This plan obviously comes from the Kansas City Royals’ mold. They won the World Series with mediocre starting pitching, but masked that fact with a lights-out bullpen that dominated the seventh, eighth and ninth innings all year long.

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The Dodgers rotation, with Kershaw’s greatness, Hyun-jin Ryu’s return from a shoulder injury and Hisashi Iwakuma’s possible bargain free-agent signing, is better than what Kansas City had in its World Series run. And with the bullpen being on par now, the Dodgers do not have the need for another No. 1 starter to replace Greinke.

Aug 12, 2015; Los Angeles, CA, USA; Los Angeles Dodgers reliever Kenley Jansen (74) delivers a pitch in the ninth inning against the Washington Nationals at Dodger Stadium. Mandatory Credit: Kirby Lee-USA TODAY Sports
Kirby Lee-USA TODAY Sports

“Because the price for starting pitching is so high both in free agency and in trade, they’d build strength from the back of the bullpen forward,” Fox Sports’ Ken Rosenthal said on MLB Network. “And if you have Chapman and Jansen for a potential three innings each night, that’s not bad.”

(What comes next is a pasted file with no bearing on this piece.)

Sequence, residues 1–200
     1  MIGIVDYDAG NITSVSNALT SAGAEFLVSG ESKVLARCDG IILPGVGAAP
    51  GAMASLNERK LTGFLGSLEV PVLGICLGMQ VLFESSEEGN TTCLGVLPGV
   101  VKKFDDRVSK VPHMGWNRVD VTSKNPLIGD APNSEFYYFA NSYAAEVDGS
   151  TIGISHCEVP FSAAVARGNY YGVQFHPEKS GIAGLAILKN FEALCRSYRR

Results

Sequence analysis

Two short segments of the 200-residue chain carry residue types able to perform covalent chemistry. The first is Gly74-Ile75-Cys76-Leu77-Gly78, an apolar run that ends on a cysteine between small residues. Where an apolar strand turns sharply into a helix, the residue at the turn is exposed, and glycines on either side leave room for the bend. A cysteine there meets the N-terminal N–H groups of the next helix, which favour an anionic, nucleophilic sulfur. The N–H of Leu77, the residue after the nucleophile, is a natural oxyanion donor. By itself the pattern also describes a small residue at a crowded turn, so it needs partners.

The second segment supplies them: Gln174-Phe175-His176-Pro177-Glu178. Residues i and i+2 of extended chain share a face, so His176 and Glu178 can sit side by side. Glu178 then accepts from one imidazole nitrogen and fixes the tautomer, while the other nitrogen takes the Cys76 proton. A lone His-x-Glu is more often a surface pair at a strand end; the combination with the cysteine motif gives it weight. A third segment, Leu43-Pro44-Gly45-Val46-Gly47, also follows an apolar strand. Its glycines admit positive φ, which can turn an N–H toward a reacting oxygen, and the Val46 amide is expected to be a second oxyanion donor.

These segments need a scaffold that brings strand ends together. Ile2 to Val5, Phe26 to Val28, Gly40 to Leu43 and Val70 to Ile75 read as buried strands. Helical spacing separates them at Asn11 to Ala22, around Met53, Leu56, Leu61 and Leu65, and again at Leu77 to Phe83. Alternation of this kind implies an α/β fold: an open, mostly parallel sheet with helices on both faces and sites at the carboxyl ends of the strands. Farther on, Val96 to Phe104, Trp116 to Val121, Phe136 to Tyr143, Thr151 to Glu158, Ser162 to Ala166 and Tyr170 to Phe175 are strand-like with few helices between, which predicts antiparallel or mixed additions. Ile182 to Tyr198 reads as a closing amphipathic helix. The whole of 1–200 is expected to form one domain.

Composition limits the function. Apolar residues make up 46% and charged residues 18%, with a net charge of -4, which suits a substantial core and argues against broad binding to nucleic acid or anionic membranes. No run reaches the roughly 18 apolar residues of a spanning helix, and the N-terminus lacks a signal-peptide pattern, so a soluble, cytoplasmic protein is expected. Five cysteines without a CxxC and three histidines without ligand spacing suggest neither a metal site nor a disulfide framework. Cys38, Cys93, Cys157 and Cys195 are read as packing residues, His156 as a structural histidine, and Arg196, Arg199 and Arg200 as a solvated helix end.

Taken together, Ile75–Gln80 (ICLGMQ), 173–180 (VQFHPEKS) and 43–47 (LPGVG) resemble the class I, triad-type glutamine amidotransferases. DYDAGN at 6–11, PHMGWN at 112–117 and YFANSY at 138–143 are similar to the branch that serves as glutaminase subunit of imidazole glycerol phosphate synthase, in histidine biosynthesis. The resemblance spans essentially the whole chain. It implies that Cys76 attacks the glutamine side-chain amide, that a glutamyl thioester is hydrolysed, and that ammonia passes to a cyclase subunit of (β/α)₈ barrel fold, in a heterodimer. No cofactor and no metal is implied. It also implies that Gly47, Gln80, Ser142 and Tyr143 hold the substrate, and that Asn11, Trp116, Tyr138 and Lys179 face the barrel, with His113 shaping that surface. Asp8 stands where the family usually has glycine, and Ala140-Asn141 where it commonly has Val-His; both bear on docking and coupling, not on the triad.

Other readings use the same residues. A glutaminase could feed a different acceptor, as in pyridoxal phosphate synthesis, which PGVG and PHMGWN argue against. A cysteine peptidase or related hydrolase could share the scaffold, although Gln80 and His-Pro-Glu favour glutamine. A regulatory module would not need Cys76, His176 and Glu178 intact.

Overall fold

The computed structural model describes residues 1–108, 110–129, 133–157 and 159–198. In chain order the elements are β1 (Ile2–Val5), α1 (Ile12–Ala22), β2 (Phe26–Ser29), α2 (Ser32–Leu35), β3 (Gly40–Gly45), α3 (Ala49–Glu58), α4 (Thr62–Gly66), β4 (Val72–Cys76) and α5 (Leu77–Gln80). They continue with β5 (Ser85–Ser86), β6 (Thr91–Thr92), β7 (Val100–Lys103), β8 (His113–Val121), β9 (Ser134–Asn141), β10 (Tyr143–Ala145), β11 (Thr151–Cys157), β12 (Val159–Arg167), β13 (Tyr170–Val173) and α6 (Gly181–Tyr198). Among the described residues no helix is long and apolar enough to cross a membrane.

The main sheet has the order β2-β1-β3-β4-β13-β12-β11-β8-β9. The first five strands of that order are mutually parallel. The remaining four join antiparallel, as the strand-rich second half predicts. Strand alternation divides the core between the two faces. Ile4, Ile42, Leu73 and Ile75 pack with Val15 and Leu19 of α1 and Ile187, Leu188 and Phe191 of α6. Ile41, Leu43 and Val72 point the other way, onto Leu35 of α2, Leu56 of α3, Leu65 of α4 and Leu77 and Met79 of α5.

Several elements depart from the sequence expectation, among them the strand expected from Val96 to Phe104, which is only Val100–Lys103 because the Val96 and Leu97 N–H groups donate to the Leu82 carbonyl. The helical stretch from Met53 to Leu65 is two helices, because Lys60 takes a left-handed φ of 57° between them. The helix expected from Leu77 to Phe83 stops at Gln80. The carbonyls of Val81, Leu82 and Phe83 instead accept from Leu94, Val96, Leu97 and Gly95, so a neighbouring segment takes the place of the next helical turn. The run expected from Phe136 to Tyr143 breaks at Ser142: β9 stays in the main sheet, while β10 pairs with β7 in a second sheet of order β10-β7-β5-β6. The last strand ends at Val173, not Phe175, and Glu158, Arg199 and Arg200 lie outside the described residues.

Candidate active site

We do not know how the Dodgers might deploy incumbent closer Kenley Jansen and Chapman—there is potential for a ninth-inning platoon with Jansen being right-handed and Chapman being a lefty—but both have the potential to get more than three outs on any given night. Plus, the deal now takes pressure off guys like J.P Howell (1.43 ERA), Pedro Baez (2.51 FIP) and Chris Hatcher (10.4 strikeouts per nine innings), as all can fill more specialized roles in lower-leverage situations. That assumes none of them is included in the return package to the Reds.

Again, Dodgers will be better with him AND Jansen. As we've learned with the Royals, it's bullpen depth that matters, not just the closer.

— David Schoenfield (@dschoenfield) December 7, 2015

The Dodgers can still add another quality starter. That is not out of the question with a guy like Cueto still available and even possible jaw-dropping deals for guys like Shelby Miller or Jose Fernandez being bandied about the winter meetings, though those trades seemed like long shots as of Monday morning.

But even if they do not sign or pry away another rotation piece, this new bullpen dynamic and the current starting depth give them quite the formidable staff.